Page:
“Right!  And the seesaw isn’t any fun if it’s always tilted to one side, is it?”

“No, it’s not.”

“Likewise, if a group of people all decide to think the same way, and they all talk the same way, how would they know they were headed in the wrong direction?  Who would tell them they were not thinking correctly, if all were thinking the same thing?”

“Hmm.  I’m not sure.  If there was no one else around, at all, and this group of people were all thinking the same way, but their thinking was incorrect, then… I guess they would just keep going in the wrong direction.”

“Yes, they would.  Do you consider this a dangerous proposition?”

“Yes, I do.  Though I have to admit, most people think it’s nicer and more peaceful if everyone is thinking the same way.”

“Well, it might be peaceful for a while, but when things get off course, the peace would quickly evaporate.”

“True, Lord.”

“You know, I talked about this in My Word.”

“Yes, You did, Lord.  You told the story of the tower of Babel, where everyone was thinking the same thing.”

“That’s right.  And they weren’t thinking the right thing, even though they were all thinking the same thing.  And where did it get them?”

“Well, you confused their language so they couldn’t work together.”

“Yes, I had to.  Because I knew what they would accomplish.  See, being in unison is strong, but there’s more of a chance to do the wrong thing.  Being in unity can also be strong, but it takes more work to stay in unity than it does to stay in unison.  Still, being in unity will keep a group of people safe, because their opposing viewpoints will help keep wrong beliefs and wrong attitudes in check.”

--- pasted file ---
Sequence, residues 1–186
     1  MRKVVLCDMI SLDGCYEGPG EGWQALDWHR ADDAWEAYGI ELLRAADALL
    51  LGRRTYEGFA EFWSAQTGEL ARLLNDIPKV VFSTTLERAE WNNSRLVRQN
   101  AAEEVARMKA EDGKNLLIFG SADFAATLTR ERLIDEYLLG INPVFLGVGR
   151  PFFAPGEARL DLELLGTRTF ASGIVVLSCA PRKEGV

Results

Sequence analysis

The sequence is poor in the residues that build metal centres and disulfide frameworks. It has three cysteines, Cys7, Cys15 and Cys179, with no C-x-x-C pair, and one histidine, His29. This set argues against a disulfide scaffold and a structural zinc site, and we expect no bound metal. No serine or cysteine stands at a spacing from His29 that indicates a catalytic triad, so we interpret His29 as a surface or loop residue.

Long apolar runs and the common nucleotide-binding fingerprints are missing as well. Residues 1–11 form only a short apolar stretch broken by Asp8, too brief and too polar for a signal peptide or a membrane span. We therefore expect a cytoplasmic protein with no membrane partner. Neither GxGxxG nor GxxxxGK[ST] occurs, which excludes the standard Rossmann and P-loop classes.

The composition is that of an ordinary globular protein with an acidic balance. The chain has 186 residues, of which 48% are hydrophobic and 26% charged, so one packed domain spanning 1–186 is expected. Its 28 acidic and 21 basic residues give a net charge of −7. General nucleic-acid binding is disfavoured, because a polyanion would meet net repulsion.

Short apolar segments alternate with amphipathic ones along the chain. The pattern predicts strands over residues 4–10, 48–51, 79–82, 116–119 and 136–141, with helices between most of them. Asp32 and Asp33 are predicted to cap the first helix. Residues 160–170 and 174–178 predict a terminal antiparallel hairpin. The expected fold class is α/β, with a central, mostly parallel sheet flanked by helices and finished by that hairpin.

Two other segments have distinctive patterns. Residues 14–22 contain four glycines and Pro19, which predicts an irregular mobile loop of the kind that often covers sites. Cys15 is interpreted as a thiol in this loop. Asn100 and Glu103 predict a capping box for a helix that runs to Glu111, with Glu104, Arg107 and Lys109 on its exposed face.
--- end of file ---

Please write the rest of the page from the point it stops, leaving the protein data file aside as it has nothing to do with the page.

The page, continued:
“So, the side or sides with the opposite viewpoint can keep the side with the wrong viewpoint from leading the whole group of people astray.”

“That’s right.”

“Wow, Lord.”

“Now, big question:  can you apply this to America’s form of government?”

(smiles)  “Yes, Lord.  I think I can.  But if I try to share this with anyone, I’m not sure they’ll like it too much.”

“Why would people not like this?”

“Because when it comes to our government, both sides pretty much think the other side is filled with stupid idiots.”

“Ah, yes.  So what happens then?”

“Well, they don’t listen to each other.”

“And then, if one of those sides gets way off track, but refuses to listen to the viewpoints of the other side, what’s going to happen to the side that’s getting off track?”

“It’s just going to keep moving further off track.”

“And will anyone be able to stop them?”

“No, I guess not.”

“That’s a very sad place to be, isn’t it?”

“Yes, Lord, it is.”

“They really should listen to one another, shouldn’t they?”

“Yes, Lord.  They should.”

“Now, dear one, do you see why I wrote in Psalms, ‘how good and how pleasant it is for brothers to dwell together in unity!’ There’s a reason I used that particular word, you know?”

“Wow, Lord.  Yes, I do see why You wrote it that way!”

“Yes.  And I wish more people would take the time to think about this.”

“Me, too, Lord.  Me, too.”